My work week officially started Monday. I researched Obama, e-mailed prospect contributors for future prospects, and posted my blog. I had tried to meet with my principal, but he ended up traveling. My activities at the lycee are up in the air in regard to teaching English classes.

I met with Serge on Tuesday, a radio DJ here. And I ended up on the radio that evening… since I did all this research on Obama, he decided to just have me do it that day! I expect a regular Tuesday debate/chat with Serge on his show this year. I look forward to working with different people, and I’m hoping that through working with different people, I will endingly have an even better impression of Cameroon in a different way. I really enjoy the idea of sharing knowledge with my villagers here, of reaching out to them this way; I’ve already been told this morning by probably 10 people that they were listening last night, that they enjoyed learning more about Obama. Next week, the topic will be ‘Success of The Student.’ It falls just in line with Club Success- a club, more like a course, that I will implement within my lycee.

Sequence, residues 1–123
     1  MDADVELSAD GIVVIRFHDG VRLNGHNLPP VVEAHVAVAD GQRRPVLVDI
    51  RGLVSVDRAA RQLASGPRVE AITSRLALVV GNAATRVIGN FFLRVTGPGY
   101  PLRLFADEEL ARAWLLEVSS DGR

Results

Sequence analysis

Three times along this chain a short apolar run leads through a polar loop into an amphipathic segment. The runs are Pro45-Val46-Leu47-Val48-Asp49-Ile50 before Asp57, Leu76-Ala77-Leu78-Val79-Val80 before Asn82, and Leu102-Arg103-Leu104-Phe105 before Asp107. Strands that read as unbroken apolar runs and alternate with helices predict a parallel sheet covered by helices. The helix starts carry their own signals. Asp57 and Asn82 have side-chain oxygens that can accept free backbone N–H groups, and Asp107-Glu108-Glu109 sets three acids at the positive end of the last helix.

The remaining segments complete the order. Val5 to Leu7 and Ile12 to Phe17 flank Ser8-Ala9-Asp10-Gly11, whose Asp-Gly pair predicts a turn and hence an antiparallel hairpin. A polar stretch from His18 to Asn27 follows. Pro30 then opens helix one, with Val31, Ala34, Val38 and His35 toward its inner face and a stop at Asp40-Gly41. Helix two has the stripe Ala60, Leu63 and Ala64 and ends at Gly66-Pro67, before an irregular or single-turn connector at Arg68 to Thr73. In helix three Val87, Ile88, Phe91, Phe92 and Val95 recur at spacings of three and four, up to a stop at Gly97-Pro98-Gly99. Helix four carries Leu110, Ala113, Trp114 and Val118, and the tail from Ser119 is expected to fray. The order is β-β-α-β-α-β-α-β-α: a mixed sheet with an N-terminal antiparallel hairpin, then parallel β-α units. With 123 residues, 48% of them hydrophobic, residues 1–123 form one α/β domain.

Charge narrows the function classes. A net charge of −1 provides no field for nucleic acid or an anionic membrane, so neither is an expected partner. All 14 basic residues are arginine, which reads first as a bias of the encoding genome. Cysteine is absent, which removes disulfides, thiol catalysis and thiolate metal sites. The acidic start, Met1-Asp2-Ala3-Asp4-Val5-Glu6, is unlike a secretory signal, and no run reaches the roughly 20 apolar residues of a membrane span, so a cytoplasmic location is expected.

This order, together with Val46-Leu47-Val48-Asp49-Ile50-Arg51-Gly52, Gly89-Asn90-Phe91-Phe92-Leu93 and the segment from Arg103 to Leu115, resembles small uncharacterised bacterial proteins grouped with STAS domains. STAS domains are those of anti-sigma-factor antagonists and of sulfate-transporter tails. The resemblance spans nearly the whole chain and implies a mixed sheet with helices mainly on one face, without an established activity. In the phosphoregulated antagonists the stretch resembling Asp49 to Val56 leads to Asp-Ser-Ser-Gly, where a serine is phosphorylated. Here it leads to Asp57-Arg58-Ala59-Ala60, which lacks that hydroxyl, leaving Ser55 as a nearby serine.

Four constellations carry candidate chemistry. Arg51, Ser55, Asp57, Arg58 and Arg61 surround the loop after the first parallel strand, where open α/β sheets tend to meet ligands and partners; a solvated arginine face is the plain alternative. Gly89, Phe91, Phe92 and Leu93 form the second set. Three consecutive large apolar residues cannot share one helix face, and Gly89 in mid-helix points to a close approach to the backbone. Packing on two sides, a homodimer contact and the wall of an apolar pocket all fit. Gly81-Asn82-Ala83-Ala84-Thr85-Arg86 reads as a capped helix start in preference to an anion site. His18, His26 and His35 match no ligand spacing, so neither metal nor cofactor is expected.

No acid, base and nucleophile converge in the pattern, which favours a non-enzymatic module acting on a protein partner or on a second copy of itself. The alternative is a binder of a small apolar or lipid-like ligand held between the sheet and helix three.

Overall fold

I spent most of Wednesday with Autumn, a nearby volunteer who banks with me- and on those days we usually spend hours releasing the need to talk to another girl, usually binging on something great like cheese, pancakes or cookie dough. She is the most mature 21 year old I know, and the youngest volunteer in our stage (I am the second youngest volunteer). She is the inspiration for the last poem that I published. Her house was broken into twice within the past month (her phone being stolen on the bush taxi merits her “robbed thrice” title)! She has been staying with me, while trying to figure out and awaiting the Peace Corps to figure out how to deal with the security issues at her post.